Expert Says London Bridge Attack Shows Islamic State Still Has Bite
Prof. Fawaz Gerges tells The Media Line that the lone-wolf phenomenon is ‘resilient, particularly the Usman Khan variety’
Islamic State has claimed responsibility for Friday’s stabbing rampage in London that killed two people and wounded three others.
The attacker, a 28-year-old British man named Usman Khan – who spent six years in prison in connection with a plot to blow up London’s stock exchange and other targets – was overpowered by passers-by on London Bridge and then shot dead by police.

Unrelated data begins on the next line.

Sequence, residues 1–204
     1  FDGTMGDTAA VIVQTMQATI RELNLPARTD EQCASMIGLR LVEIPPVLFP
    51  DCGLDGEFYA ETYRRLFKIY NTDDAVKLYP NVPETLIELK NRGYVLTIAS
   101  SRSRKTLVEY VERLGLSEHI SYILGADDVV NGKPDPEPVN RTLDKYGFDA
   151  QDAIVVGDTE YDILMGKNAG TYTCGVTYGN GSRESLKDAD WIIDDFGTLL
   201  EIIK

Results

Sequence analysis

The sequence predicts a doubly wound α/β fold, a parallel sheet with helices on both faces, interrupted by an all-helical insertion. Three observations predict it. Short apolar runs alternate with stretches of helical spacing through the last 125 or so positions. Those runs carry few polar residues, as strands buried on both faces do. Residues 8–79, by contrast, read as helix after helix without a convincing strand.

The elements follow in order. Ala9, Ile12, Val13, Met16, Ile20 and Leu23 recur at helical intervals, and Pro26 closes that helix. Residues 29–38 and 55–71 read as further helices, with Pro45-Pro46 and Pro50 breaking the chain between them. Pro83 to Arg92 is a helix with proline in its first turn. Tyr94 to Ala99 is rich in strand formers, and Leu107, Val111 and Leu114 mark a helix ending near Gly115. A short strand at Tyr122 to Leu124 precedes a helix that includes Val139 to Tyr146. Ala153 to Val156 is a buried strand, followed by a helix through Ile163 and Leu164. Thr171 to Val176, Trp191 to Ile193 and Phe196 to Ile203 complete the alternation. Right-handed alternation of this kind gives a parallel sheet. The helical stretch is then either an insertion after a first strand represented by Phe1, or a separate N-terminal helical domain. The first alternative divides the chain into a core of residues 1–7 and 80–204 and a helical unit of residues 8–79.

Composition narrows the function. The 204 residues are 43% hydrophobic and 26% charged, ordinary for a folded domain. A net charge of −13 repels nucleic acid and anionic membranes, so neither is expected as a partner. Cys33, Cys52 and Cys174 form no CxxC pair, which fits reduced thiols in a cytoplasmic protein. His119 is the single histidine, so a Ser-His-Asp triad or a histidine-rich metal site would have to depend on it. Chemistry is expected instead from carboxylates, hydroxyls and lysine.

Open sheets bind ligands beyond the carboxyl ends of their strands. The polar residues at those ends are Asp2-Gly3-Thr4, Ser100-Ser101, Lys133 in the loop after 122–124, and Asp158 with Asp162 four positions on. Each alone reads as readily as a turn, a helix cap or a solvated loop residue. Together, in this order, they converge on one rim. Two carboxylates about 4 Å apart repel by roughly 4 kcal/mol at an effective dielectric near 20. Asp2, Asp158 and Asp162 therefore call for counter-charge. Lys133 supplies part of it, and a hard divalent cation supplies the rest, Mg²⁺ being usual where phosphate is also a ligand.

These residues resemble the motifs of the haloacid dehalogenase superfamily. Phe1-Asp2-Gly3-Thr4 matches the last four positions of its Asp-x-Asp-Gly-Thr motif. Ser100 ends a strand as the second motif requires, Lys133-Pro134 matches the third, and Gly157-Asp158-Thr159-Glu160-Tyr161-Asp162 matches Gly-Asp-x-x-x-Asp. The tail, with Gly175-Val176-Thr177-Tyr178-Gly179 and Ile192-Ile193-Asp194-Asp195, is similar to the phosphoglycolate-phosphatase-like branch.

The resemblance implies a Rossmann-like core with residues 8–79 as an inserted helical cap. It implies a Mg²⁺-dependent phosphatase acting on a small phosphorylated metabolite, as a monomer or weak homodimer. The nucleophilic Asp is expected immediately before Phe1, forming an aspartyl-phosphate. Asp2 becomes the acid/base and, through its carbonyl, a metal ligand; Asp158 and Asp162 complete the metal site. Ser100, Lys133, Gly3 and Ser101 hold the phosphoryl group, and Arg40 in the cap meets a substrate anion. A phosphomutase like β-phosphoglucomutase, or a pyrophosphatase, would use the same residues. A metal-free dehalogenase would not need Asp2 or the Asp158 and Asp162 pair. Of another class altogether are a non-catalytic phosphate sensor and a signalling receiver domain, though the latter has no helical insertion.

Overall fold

ISIS was forced to go underground earlier this year, being stripped in March of the last tracts of land it held as part of its self-described caliphate. At the end of October, it lost its leader, Abu Bakr al-Baghdadi, who blew himself up during a US Special Forces raid in Syria.
Yet it still has a bite, judging from London and other attacks by so-called lone wolves.
To learn more, The Media Line spoke with Prof. Fawaz Gerges, an internationally recognized expert on Islamic State at the London School of Economics, and author of the 2016 book ISIS: A History.